Sep 152017
Internet shopping

Steven Seamark |

Part 1

We live in a brave new world. Online shopping has captured a huge percentage of the consumer marketplace, and that percentage only grows every year. I admit that I buy hundreds of products online every year, including books, DVDs, web hosting services and memberships to online services like Netflix.

Naturally a lot of online purchases are made with debit cards.¬†If you don’t have a credit card or prefer not to use one, then debit cards are really handy for online purchases. I personally have not had a credit card since the recession (2010 or so) when I got in over my head with credit card debt and had to negotiate a settlement. Since then, I use only my debit card for all online purchases. I don’t know what I’d do without it. Maybe you know the feeling.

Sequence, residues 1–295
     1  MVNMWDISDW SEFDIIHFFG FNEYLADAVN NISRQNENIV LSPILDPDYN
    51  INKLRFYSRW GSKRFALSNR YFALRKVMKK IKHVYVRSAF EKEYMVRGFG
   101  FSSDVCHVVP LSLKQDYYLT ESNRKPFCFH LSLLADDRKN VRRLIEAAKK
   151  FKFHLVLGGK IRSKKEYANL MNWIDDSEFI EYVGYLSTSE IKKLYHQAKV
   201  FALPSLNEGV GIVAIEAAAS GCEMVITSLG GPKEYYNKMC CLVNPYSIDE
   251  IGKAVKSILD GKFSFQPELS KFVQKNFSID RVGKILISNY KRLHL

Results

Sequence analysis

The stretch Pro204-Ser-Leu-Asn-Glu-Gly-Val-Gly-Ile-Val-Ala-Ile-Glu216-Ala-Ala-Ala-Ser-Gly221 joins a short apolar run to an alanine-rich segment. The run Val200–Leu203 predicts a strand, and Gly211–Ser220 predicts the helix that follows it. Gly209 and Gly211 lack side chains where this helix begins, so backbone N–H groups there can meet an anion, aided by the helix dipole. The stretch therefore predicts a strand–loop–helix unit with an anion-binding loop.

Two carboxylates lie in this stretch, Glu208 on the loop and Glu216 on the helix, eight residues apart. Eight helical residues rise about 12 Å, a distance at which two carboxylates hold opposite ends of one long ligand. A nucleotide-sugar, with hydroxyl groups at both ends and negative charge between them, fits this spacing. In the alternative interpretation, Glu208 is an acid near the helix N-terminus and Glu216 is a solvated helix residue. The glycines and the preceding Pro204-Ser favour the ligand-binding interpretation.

Sadly for me and possibly for you, using a debit card online is extremely risky. In fact, it is possibly the riskiest of all places to use your card. You might have strong antivirus software installed on your computer, and you might trust the merchant. That’s all well and good.

The problem is that an internet transaction is susceptible to interception or hacking at multiple points. Data could be stolen at the endpoint, meaning at your end, the consumer’s, especially if your computer or mobile device is not secure and is used by other people.

Data could also be stolen at the midpoint, where someone might be hacking into the wireless network.

Lastly, as we have seen in several high-profile breaches, data could be stolen at the start point of the transaction, meaning the seller. We see examples of this all the time, where hackers break into the computers of large-scale retailers and steal thousands or millions of debit card and credit card numbers.

Next: Part 3 – Gas Stations


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